‘Cult’ – nice value-neutral terminology there! Without quotes this whole paragraph is just a series of strawmen – what, to Bonner (after his exhaustive research conducted, we must assume, entirely in good faith), the ideology ‘seems’ to be. ‘To a greater or lesser extent’ is a particularly slimy way of making sweeping accusations without taking the responsibility to point out actual examples which might prove his point … to a greater or lesser extent. He may have a point with the ‘John Muir-ian belief that man’s intervention in the environment is always a ‘bad thing’’ – a philosophical aspect to some landscape rewilding which I’ve critiqued on these pages, and which others have started speaking about in wider-reaching publications. But he’s at least aware that some human management practices are celebrated by rewilders, whether we’re talking about indigenous lifeways or the active role for humans in restoration projects like Trees For Life. The whole feeling of optimism infusing the various forms of the movement stems precisely from this belief that it’s actually possible for us humans to ‘intervene’ in a positive way!

As for over-riding the ‘rights of existing landowners and users, and the cultural landscapes they have historically created’, a) you have to ask if they deserve to have these ‘rights’ honoured if it can be shown that their behaviour actually degrades the land for no real benefit and b) it’s flatly wrong to say that rewilders don’t consider this (a little too much in my opinion, but then I’m in a particularly radical wing of the ‘cult’). George Monbiot, one of the leading voices behind landscape rewilding in Britain, wrestles with the problem of how to avoid ‘ethnic cleansing’ of traditional sheep farmers in Wales for a whole chapter of his book Feral before coming to the conclusion that altering the conditions attached to their subsidies would leave them unscathed:

[S]heep farmers in the Welsh hills receive an average of £53,000 a year in subsidies while their average net farm income is £33,000. Keeping livestock, in other words, costs them £20,000 a year, though this gap may diminish if the price of lamb continues to rise. But, under the Common Agricultural Policy, if you want your subsidy payment, one of the few things you are forbidden to do is nothing. The Good Agricultural and Environmental Condition rules specify that if you do not keep the land clear, you forfeit everything. There is no requirement to produce anything; you must merely stop the land from reverting to nature, by either ploughing it, grazing it or simply cutting the resurgent vegetation. The purpose is to prevent the restoration of the ecosystem.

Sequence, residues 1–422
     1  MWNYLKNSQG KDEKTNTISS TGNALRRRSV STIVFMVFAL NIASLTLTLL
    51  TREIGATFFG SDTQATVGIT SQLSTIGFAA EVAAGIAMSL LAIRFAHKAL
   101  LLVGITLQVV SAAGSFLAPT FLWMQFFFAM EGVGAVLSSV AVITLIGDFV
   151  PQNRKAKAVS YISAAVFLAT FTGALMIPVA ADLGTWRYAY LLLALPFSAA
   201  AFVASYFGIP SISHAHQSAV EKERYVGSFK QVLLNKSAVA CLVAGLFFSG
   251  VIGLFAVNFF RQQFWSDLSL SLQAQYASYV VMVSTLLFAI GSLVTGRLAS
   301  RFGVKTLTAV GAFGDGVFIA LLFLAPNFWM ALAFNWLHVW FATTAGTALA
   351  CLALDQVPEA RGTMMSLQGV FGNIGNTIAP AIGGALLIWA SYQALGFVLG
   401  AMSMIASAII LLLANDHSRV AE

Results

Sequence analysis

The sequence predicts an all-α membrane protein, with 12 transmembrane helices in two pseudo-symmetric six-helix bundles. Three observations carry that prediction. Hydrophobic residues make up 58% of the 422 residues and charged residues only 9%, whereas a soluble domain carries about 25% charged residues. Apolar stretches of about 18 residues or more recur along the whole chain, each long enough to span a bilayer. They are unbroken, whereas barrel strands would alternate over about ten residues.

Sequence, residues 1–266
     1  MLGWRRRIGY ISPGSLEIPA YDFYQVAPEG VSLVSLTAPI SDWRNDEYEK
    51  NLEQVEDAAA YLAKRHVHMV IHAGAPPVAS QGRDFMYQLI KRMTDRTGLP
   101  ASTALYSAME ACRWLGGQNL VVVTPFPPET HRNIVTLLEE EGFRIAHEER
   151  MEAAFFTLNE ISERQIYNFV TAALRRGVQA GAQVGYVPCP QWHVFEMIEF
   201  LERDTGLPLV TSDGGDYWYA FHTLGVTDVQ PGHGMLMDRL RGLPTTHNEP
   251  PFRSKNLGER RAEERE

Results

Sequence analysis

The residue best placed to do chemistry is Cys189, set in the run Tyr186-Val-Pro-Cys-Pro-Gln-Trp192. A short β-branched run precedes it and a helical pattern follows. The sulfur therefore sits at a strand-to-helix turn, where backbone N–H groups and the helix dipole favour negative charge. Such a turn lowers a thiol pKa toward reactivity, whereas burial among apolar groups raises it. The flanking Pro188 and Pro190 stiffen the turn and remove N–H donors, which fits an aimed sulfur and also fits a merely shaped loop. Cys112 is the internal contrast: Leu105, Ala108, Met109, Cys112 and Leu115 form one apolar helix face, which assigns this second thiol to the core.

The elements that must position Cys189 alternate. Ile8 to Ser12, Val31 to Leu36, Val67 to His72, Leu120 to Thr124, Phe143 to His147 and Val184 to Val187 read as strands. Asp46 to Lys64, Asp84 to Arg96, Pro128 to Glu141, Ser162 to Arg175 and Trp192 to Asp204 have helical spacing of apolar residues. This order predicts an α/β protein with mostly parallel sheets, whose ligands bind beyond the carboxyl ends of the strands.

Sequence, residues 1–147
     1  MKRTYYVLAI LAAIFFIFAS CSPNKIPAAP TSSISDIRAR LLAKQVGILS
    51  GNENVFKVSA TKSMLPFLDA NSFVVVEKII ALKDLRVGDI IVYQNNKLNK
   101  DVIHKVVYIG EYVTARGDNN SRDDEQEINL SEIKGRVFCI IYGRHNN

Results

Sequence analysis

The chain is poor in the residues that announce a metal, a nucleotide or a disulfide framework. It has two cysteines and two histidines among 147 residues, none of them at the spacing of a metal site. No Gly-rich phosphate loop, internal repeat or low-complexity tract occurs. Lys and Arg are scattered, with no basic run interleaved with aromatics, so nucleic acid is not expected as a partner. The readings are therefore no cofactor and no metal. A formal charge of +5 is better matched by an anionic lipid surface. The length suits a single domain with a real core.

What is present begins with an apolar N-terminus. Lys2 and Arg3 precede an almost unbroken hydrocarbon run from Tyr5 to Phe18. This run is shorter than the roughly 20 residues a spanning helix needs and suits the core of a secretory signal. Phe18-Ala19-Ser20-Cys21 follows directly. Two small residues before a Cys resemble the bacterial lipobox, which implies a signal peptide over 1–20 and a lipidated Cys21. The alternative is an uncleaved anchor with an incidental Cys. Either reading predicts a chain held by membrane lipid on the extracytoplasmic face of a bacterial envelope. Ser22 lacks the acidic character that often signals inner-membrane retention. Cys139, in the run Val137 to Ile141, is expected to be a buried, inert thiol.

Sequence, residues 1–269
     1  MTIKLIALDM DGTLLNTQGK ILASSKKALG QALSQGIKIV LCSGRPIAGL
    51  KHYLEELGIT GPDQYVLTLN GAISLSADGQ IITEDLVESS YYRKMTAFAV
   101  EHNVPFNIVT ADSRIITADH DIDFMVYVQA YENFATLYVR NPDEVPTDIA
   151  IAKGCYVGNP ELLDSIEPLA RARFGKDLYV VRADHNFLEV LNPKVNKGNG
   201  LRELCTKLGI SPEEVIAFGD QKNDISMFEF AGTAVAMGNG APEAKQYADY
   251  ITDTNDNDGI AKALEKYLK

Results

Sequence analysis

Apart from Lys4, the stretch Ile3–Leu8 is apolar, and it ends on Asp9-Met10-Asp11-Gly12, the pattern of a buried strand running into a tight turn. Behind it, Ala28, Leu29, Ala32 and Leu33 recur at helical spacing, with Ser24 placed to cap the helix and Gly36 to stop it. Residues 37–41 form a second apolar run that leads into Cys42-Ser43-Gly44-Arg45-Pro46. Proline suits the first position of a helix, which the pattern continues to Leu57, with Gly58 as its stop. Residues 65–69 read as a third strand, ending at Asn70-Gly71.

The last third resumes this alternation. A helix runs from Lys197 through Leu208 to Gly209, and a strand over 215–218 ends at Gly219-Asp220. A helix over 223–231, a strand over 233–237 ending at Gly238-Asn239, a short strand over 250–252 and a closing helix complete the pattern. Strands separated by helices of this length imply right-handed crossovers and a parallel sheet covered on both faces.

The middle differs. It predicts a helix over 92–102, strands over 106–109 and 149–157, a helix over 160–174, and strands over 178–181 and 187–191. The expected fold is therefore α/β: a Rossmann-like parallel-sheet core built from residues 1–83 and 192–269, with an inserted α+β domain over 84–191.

So here, perhaps, is the resolution of the conundrum that caused me such trouble: this rule should be dropped. Those farmers who are in it only for the money would quickly discover that they would earn more by lying on a beach than by chasing sheep over rain-sodden hills. Those who, like Dafydd and Delyth, believe in what they are doing, and have wider aims than just the maximization of profit, would keep farming. Where the life and community associated with raising sheep are highly valued, farming will continue. Where they are not, it will stop. Large areas of land would be rewilded, and the farmers who owned it could receive, as well as their main payments, genuinely green subsidies for the planting, reintroductions and other tasks required to permit a functioning ecosystem to recover. The alternative is the system we have at present: compulsory farming, enforced by the subsidy regime. (pp.180-1)